History of Aw Pottery

Peggy Loh's Blogspot

Malaysian writer Peggy Loh revisits
aw pottery factory in Malaysia

sculpture photo

Albert Aw in 1960, with a sculpture
by our father, Eng Kwang Aw

potter photo

Paddling the pot to even out the wall
and strengthen the urn

Loading the Kiln

Twenty three years ago my father began Aw Pottery in America. His name was Eng Kwang. He was a sculptor and a potter. He settled in Berkeley. His first customers there were interior and garden designers. They were enthusiastic about his work but they wanted more than he could produce. To his surprise they were more interested in his rough and rambunctious sculptures than in the fine glazed pottery he sold.

He had learned his sculpture as a boy almost sixty years before. Left over bits of clay at a local pottery were put into making stoic warriors, mothers, laughing round cheeked children, noble women with parasols, farmers and buffalo.

Eng Kwang had seen the potters at work when he was just a boy. Powerful backs and firm hands forming the enormous coils of wet clay into great, coarse vessels. Hand dipped into wide ditches of creamy ash glaze. Dried, when the rains allowed, and then piled one upon another into the long low kilns that snake up the hill. Pine needles heaped into the kiln. A fire burning for days. Sweet smoke. Glowing heat.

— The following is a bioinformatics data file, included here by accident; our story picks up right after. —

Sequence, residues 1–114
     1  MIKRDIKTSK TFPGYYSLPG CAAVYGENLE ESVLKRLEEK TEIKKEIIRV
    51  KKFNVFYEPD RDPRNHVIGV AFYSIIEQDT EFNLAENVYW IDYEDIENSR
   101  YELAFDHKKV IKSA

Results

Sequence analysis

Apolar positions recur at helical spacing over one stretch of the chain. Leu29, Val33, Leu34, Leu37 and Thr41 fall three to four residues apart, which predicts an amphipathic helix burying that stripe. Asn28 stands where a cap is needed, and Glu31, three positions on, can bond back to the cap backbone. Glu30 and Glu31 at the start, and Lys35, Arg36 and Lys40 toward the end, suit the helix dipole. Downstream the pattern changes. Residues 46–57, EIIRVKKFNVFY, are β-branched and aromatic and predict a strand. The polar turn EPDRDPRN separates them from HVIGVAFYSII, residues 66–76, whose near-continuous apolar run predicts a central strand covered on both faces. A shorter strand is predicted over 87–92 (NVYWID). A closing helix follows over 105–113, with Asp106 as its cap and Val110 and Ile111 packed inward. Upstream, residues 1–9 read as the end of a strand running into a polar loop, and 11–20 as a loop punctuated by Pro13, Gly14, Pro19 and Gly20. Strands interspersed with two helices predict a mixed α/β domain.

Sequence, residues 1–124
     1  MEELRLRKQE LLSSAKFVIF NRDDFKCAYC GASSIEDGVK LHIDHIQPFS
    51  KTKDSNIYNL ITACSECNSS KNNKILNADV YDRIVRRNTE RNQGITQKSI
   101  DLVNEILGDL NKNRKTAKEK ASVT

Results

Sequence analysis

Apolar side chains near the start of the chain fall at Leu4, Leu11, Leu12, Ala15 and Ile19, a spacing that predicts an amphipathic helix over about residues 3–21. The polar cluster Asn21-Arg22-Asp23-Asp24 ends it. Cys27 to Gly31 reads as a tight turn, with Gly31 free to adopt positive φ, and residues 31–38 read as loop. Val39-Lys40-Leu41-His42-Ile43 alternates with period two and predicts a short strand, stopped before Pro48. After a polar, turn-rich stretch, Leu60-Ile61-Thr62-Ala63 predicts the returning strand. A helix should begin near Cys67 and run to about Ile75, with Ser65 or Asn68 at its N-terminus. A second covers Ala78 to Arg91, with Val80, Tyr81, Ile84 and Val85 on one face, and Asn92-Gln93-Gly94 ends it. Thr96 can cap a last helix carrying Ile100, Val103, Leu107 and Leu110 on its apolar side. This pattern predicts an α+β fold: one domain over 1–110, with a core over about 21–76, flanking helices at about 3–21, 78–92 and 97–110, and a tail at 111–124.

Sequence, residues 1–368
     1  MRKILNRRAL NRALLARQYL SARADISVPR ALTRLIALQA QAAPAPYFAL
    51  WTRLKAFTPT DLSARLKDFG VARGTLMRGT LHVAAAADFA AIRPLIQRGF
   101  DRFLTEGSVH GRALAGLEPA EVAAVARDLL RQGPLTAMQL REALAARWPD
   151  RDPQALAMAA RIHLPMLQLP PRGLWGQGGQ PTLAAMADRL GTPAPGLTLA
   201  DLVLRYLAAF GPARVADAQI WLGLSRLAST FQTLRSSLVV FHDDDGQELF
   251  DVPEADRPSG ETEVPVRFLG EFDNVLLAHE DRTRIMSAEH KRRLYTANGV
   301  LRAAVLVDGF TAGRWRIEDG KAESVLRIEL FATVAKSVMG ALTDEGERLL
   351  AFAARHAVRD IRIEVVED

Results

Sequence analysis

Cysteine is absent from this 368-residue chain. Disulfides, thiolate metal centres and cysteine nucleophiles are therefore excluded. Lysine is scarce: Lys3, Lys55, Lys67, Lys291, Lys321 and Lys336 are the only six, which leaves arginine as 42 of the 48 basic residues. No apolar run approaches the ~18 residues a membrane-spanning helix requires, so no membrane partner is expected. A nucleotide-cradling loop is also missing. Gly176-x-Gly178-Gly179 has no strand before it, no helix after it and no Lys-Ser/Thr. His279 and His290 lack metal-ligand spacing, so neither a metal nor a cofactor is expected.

He had seen these vessels in every home and yard. Used for storing rice, and water, and oil, and brewing soy-sauce. They were even used for storing clothes. Ubiquitous, as in most rural societies, earthenware containers are not noticed as objects of beauty but are simply and invisibly there.

Eng Kwang asked to buy some of these vessels and send them to America. It was perfect. Western gardeners work in many styles. These rough hewn, unadorned pots work in myriad visions. They are undefined by style yet they are classical. Like old olive jars they provide scale and history. Tools for the artist.

Father used the first pots in his own garden of jade plants and bouganvillea.

Lee Lang Aw
inside dragon kiln phohto

Inside the Dragon Kiln at Aw Pottery Malaysia

valley photo

The Valley of the Snake Kiln in Central China

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all images © copyright 2008-2014 Aw Pottery NW unless noted otherwise